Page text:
A slab serif font (Egyptian slab serif font, Vintage slab serif font) has its look and is easily recognizable. These fonts have blocky, thick, and enormous serifs to make them stand out in any statement, advertisement, billboard, or website on which they are shown. Most of the time, the strokes and stems of their typefaces are equally broad and bold, resulting in a typeface that is simultaneously aesthetically pleasing and authoritative. We have some slab serif font examples for you without any further ado!
What is Slab Serif Font?
A slab serif font, which belongs to the family of serifs, is characterized by distinctive feet or little attachments at the terminal points of the strokes that make up individual characters.
Serifs had an unprecedented meteoric rise in popularity that caused them to sweep the globe like a hurricane. Since then, these fonts have nearly completely taken over the design of the world around us, which can be seen everywhere.
Designers of all stripes will be able to learn how to use slab serif font with more awesome results than they have ever achieved if they first understand what these fonts are. It’s like what they are designed to do and their distinct place in the world of typography.
The Characteristics of Slab Serif Font
Slabs, like all other families of fonts, each have distinctive qualities that distinguish them from one another and make them suitable for use in particular contexts. When designers are more knowledgeable about the numerous components of slab serifs, they can make more informed decisions on the design of their projects.
The parts of a stroke that aren’t finished with serifs are called terminals. Slabs can have rounded ends (like Courier) or sharp, pointed ones (as in the case of Rockwell).
Slabs’ level of audacity varies with the task at hand. Slabs for advertising displays, for instance, must be quite garish to attract the attention of passers-by. Slabs that were previously easier to read at smaller sizes (such as on smartphones or in print) will now need to be significantly lighter to maintain legibility.
A character has a straight or curved line. Its stroke width is the width of that line (think of the diagonal line in a capital N). Slabs can have a variety of stroke widths, each serving a unique function. Slab serif font with a geometric pattern, like Rockwell or Memphis. They are excellent for text since their stroke width is more uniform. Slabs, like Clarendon, have wider stroke widths in the stresses of the Cs and the bowls of the Bs. It makes them ideal for headlines.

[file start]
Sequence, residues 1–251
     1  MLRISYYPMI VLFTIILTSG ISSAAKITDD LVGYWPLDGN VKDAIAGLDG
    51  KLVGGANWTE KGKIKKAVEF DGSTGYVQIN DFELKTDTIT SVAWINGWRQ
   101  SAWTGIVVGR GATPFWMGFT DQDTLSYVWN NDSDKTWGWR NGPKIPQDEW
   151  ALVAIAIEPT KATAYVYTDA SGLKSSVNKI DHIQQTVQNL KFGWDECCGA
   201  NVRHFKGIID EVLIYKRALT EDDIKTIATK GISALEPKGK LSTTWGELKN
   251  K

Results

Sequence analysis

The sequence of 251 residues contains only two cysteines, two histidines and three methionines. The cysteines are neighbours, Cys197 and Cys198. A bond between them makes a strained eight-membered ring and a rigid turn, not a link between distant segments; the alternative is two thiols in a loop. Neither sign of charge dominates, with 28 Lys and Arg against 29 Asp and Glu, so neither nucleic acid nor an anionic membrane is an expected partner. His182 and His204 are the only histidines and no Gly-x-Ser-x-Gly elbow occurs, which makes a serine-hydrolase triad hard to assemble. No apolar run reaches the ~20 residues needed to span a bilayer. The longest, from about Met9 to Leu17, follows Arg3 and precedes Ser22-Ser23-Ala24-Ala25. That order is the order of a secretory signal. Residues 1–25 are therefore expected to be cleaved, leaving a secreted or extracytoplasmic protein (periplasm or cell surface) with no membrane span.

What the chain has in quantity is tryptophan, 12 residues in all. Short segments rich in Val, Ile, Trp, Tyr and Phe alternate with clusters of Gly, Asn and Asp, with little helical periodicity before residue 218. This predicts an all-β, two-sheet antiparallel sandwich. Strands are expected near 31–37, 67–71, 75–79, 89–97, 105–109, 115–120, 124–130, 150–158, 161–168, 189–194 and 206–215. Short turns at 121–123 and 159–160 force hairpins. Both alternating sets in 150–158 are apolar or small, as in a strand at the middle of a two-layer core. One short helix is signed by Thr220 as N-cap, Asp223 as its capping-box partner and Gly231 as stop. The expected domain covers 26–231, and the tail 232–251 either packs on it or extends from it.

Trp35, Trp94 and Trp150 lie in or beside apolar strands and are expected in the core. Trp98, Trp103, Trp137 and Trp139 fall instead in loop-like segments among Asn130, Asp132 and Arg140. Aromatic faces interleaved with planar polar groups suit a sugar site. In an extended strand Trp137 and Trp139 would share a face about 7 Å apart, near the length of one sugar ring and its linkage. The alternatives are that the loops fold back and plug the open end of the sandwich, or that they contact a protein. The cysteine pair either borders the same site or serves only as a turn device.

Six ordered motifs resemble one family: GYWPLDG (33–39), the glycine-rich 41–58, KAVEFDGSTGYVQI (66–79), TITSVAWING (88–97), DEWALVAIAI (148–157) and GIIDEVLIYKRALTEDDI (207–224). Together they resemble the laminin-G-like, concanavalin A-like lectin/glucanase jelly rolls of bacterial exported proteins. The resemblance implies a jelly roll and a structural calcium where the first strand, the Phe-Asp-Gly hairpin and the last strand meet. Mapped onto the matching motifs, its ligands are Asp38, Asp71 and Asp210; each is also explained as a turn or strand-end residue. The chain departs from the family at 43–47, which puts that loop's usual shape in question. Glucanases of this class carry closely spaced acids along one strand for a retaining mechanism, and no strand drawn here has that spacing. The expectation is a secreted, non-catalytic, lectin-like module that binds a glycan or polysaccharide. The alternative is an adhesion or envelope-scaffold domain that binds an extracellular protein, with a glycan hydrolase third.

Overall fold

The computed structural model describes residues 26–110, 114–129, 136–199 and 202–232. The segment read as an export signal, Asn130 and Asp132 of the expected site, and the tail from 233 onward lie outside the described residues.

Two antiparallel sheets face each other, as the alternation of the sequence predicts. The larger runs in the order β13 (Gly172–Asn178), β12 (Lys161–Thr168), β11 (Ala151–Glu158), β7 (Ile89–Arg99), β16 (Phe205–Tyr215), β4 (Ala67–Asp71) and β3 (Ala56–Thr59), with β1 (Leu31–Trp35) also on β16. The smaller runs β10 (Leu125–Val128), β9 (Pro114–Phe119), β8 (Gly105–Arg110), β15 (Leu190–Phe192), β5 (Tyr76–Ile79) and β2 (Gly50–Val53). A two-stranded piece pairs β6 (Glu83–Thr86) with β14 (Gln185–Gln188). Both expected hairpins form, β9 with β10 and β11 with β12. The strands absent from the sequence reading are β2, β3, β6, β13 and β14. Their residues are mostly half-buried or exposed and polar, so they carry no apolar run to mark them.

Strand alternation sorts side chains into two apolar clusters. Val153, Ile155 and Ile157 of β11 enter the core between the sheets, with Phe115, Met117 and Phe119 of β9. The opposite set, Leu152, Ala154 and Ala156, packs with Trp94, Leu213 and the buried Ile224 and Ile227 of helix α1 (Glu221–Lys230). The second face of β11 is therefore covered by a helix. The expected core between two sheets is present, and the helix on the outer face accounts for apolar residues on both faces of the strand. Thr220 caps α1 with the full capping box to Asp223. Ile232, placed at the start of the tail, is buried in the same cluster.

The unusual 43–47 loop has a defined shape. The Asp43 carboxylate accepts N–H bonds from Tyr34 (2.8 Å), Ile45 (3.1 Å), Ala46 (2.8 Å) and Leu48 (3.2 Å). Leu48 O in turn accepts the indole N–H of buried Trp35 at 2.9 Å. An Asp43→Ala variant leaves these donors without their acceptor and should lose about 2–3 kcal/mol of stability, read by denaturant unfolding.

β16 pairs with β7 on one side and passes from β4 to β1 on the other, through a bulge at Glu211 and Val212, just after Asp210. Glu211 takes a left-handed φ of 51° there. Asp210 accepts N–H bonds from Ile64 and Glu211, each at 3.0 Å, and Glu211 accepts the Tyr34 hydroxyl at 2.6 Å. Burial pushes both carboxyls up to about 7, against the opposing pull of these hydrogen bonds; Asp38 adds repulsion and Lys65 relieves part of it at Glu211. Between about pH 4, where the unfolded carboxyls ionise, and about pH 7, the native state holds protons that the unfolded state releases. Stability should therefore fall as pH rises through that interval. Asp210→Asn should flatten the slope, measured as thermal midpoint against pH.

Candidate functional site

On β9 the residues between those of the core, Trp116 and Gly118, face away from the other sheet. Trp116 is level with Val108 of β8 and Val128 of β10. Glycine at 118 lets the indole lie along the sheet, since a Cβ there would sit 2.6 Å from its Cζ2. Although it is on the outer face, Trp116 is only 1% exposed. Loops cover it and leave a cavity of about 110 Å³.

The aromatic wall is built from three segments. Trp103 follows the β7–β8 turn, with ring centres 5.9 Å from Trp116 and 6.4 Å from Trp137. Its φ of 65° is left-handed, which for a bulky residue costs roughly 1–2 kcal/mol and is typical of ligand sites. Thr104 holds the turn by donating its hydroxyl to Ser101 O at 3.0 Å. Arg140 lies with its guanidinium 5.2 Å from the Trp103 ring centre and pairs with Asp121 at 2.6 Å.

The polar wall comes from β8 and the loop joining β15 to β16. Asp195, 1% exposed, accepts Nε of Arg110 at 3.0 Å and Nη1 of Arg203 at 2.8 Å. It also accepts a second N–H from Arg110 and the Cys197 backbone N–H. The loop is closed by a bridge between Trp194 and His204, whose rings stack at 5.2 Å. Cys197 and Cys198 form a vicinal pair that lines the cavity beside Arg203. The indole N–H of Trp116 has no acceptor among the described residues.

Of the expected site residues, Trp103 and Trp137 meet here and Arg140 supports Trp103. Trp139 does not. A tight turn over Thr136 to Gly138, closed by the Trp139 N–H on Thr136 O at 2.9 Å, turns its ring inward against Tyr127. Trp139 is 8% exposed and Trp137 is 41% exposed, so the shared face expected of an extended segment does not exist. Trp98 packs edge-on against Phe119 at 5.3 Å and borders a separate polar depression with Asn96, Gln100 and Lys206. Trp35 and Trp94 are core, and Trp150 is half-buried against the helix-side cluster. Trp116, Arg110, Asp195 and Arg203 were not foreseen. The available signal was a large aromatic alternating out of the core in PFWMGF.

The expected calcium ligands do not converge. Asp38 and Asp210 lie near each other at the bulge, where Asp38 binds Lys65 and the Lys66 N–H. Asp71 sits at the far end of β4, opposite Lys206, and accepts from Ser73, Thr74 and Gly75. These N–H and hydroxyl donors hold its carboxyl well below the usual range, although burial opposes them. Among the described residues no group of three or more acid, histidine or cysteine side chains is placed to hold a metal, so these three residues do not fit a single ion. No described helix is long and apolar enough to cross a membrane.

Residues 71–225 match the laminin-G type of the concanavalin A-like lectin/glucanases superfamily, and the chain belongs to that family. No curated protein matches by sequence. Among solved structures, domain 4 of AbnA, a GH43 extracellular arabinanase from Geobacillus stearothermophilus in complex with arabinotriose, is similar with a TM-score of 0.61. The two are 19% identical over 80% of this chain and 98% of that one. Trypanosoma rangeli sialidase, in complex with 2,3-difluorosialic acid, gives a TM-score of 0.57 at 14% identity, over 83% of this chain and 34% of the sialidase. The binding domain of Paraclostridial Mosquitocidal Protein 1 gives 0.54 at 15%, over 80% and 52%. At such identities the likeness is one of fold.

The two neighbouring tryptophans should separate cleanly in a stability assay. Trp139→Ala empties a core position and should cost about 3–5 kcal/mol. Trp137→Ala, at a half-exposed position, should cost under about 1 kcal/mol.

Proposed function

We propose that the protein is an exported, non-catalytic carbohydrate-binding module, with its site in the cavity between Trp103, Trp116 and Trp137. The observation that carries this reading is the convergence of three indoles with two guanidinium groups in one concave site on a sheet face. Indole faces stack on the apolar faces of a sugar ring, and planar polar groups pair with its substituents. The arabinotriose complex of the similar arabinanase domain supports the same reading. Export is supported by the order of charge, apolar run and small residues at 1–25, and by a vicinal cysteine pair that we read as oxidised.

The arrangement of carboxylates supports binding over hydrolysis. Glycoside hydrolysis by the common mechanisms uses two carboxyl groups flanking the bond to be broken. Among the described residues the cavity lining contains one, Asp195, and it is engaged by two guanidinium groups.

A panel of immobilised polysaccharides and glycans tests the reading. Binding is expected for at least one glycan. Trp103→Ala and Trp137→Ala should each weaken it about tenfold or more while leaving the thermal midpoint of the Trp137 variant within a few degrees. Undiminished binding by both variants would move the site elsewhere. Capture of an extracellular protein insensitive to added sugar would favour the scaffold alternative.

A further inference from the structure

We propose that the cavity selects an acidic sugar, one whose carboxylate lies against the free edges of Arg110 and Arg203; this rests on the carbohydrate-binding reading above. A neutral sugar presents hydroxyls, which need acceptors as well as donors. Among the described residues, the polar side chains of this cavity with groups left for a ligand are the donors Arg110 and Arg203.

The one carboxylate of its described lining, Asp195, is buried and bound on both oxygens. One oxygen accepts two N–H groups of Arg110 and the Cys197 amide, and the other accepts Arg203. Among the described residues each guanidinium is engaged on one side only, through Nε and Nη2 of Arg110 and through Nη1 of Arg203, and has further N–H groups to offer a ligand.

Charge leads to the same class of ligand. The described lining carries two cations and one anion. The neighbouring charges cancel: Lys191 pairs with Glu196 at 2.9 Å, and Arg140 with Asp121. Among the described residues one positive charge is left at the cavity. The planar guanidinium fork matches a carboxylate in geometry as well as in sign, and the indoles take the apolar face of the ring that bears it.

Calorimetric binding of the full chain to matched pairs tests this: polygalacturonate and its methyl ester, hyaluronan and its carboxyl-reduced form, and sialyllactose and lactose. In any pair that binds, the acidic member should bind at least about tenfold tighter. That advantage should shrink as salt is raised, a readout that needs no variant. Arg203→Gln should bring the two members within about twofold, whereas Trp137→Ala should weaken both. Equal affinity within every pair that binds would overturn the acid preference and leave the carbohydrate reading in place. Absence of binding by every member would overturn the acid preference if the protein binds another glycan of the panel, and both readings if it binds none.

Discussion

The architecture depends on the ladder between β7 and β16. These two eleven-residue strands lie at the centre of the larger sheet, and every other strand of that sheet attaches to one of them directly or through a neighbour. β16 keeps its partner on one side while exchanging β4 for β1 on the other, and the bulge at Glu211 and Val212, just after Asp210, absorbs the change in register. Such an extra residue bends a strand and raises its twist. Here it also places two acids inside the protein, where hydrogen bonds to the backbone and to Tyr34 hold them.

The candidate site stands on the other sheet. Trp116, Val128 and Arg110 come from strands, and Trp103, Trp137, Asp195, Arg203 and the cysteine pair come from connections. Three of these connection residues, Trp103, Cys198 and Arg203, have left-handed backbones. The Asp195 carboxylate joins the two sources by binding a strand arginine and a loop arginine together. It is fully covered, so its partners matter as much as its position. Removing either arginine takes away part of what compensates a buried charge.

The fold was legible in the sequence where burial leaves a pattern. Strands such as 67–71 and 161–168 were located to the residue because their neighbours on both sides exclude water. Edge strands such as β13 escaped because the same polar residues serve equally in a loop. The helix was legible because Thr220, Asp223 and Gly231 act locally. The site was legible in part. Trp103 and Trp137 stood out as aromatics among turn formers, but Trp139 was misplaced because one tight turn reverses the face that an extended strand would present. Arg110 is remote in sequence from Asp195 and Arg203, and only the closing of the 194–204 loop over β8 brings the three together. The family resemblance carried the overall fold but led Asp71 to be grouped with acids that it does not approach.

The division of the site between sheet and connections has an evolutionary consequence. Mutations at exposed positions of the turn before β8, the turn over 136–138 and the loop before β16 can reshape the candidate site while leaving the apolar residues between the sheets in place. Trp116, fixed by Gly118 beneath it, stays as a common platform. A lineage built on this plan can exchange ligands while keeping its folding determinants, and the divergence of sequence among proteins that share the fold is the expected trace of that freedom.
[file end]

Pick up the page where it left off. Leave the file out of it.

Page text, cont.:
How to Use Slab Serifs in Famous Media
Despite being around for a few hundred years, slabs’ rapid rise in popularity meant they would soon be employed prominently throughout many other media types. We’ll look at some more prominent areas where slabs have been featured.
The Montgomery Ward Logo
In 2001, American retail giant Montgomery Ward filed for bankruptcy and was subsequently liquidated. But in the 1980s and 1990s, the vintage slab serif font Serifa was featured heavily in the company’s logo. Serifa was a simple choice for Montgomery Ward because the company used a wordmark logo, a text-only typographic approach.
Martha Stewart Living Magazine
Since it was first published in 1990, Martha Stewart Living has been an industry standard for guiding interior design. The magazine dabbled with slab serifs for a while. It utilized the Archer typeface because the Archer font was designed specifically for the magazine’s typography and was commissioned by the magazine.
It was initially believed that the font would be an excellent choice for this lifestyle magazine because the designers of the font described it as having many qualities that magazine publishers would want. It includes being easy to read, well-balanced, aesthetically pleasing, and easy to work with.
The widely used e-reader sold by Amazon is not immune to slab serifs either. The default typeface is a slab called PMN Caecilia. It can be found on various Kindles. Ranging from the earlier ones (the Kindle 7s) to its newer Paperwhites. This typeface can be found on all Kindles (3rd Generation). This slab’s beginnings, which were heavily influenced by humanism, are one of the reasons it was selected for the Kindle. These origins make it an excellent choice for simple reading.
Ironically, PMN Caecilia was developed for use in print environments. Still, the fact that it can be adapted to the screens of electronic devices such as the Kindle speaks volumes about how easily it can be read and legible.
The Slab Serif Font Design
You should know better how to use slab serifs now that you’ve read this.
A slab serif font is a font on the younger side because it has only been around for about 200 years. Despite the limited amount of time they’ve had, they’ve made a significant contribution to the field of design. Naturally, the fact that none other than Napoleon Bonaparte and his infamous Egyptian expedition helped to establish these fonts in the public mind of western countries is helpful. This can be seen either positively or negatively.
This chance encounter with an important historical figure is on the side for a moment. It’s possible that the popularity of slab serifs is because they are so useful. This typeface family works wonderfully for anything from flamboyant. Also, loud advertisement displays much more compact reading sizes. It is required for mobile devices and tablets. When a typeface has such a high degree of adaptability, it is certain to attract the attention of a great number of typographers. Then, as a result, amass a sizable following.
To incorporate some slabs into your designs and projects, you must go to the slab serif font category on our marketplace’s homepage (UICreative). We have hundreds upon hundreds of slab serif font that may be used for any project.